Figure 3 shows data for the average thermal conductivity of all six coated specimens. The uncertainty bars shown are for a 20 % relative standard uncertainty. The combined standard uncertainty of the apparatus is 5 % (4). However, the apparatus was designed for measuring monolithic ceramic materials of greater thickness. Due to the inherent interfacial thermal resistance between the sensor plates and the specimen, the reliability of the measurement is influenced by the ratio of the thermal resistance due to the specimen and the thermal resistance of the contact between the specimen and sensor plates. In general, the thermal resistance due to the specimen should be at least four times greater than that of the interfacial thermal resistance between the specimen and sensor plates. However, the small thicknesses of some of the specimens results in a low thermal resistance of the coatings relative to that of the specimen/sensor-plate interface. This factor significantly increases the uncertainty of the measurement of thermal conductivity of the coating vs temperature.
3. Discussion and Conclusions
The average thermal conductivity of PWA 266 was measured over temperatures ranging from approximately 100 [degrees]C to 900 [degrees]C. The measured results vary from 1.5 W*[m.sup.-1]*[K.sup.-1] to 1.7 W*[m.sup.-1]*[K.sup.-1] with a relative uncertainty range of 20 % at each temperature. The results are relatively independent of temperature. Due to the fine microstructure and pororosity of yttria-stabilized EB-PVD coatings, the thermal conductivity is expected to be independent of temperature. Even though EB-PVD coatings grow in a directional manner, resulting in a high degree of texture, they do not exhibit thermal behavior normally associated with texture. Figure 4 is an SEM image of an EB-PVD coating showing fine structure, which promotes geometric scattering of phonons. Measurements on similar coatings show a three-level structure of porosity that can result in significant reduction of thermal conductivity from that of sintered polycrystalline material (2). The large amount of scattering due to the disord er of the stabilized zirconia lattice, combined with the geometric scattering due to a large population of other defects causes these coatings to have a lattice thermal conductivity that is not sensitive to temperature.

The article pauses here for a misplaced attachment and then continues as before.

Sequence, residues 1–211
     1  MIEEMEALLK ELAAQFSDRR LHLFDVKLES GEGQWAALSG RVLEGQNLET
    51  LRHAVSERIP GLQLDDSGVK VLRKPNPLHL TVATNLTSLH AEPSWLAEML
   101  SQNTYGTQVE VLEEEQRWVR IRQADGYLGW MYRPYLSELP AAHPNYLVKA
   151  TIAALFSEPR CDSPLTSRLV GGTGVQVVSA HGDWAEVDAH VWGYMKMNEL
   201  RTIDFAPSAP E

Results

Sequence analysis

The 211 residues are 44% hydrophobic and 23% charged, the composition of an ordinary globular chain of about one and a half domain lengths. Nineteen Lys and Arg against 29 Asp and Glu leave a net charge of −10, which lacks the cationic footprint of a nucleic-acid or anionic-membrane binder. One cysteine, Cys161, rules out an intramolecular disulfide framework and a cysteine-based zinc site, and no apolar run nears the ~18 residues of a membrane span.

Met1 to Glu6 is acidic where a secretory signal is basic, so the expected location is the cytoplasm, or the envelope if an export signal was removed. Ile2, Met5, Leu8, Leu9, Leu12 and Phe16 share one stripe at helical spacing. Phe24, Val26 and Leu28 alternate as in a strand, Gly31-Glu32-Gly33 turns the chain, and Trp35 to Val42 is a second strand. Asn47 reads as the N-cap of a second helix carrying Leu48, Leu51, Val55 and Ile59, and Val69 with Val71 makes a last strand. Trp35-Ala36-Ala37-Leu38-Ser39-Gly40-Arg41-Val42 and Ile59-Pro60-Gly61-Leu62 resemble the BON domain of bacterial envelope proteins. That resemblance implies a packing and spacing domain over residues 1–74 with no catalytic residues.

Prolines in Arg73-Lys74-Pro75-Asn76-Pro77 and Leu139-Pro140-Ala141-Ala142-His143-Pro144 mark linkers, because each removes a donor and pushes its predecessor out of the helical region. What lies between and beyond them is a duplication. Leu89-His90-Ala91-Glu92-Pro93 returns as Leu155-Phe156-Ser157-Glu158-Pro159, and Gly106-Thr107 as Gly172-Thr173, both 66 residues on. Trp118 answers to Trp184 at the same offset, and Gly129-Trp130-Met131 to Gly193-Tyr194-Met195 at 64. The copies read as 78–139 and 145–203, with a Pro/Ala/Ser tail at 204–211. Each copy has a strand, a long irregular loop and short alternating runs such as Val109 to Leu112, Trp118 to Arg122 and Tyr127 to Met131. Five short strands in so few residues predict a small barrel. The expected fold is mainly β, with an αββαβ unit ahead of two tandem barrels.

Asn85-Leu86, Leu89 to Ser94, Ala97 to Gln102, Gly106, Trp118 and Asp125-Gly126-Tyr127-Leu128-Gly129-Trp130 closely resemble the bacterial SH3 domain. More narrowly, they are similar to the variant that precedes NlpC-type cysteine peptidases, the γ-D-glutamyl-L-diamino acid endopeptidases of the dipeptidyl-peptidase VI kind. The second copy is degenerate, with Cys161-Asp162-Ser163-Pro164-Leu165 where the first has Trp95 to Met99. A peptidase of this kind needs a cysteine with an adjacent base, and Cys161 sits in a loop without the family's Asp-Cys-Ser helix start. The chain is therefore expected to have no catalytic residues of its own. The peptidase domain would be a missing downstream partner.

[FIGURE 2 OMITTED]
Accepted: March 21, 2003
(1.) Certain commercial equipment, instruments, or materials are identified in this paper to foster understanding. Such identification does not imply recommendation or endorsement by the National Institute of Standards and Technology, nor does it imply that the materials or equipment identified are necessarily the best available for the purpose.
(1.) R. B. Dinwiddie, S. C. Beecher, W .D. Porter, and B. A. Nagaraj, The effect of thermal aging on the thermal conductivity of plasma sprayed and EB-PVD thermal barrier coatings, Proceedings of the International Gas Turbine and Aeroengine Congress, Birmingham, U.K., ASME, paper 96-GT-282 (1996).
(2.) D. D. Hass, A. J. Slifka, and H. N. G. Wadley, Low thermal conductivity vapor deposited zirconia microstructures, Acta. Mater. 49(6),973-983(2001).
(3.) A. J. Slifka, B. J. Filla, J. M. Phelps, G. Bancke and C. C. Berndt, Thermal Conductivity of a Zirconia Thermal Barrier Coating, J. Thermal Spray Technol., ASM Internatl. 7(1),43-46(1998).
(4.) B. J. Filla, A Steady-State High-Temperature Apparatus for Measuring Thermal Conductivity of Ceramics, Rev. Sci. Instrum. 68(7),2822-2829(1997).
(5.) Y. S. Touloukian, R. W. Powell, C. Y. Ho, and P. G Klemens, Thermal Conductivity: Metallic Elements and Alloys, Thermophysical Properties of Matter: The TPRC Data Series, Vol. 1, Plenum Press, New York (1970) pp. 1017-1027.
About the authors: Andrew J. Slifka is a materials research engineer in the Materials Reliability Division of the NIST Materials Science and Engineering Laboratory. B. James Filla is an information technology specialist with the NIST Information Technology Laboratory. The National Institute of Standards and Technology is an agency of the Technology Administration, U.S. Department of Commerce.
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|Publication:||Journal of Research of the National Institute of Standards and Technology|
|Article Type:||Brief Article|
|Date:||Mar 1, 2003|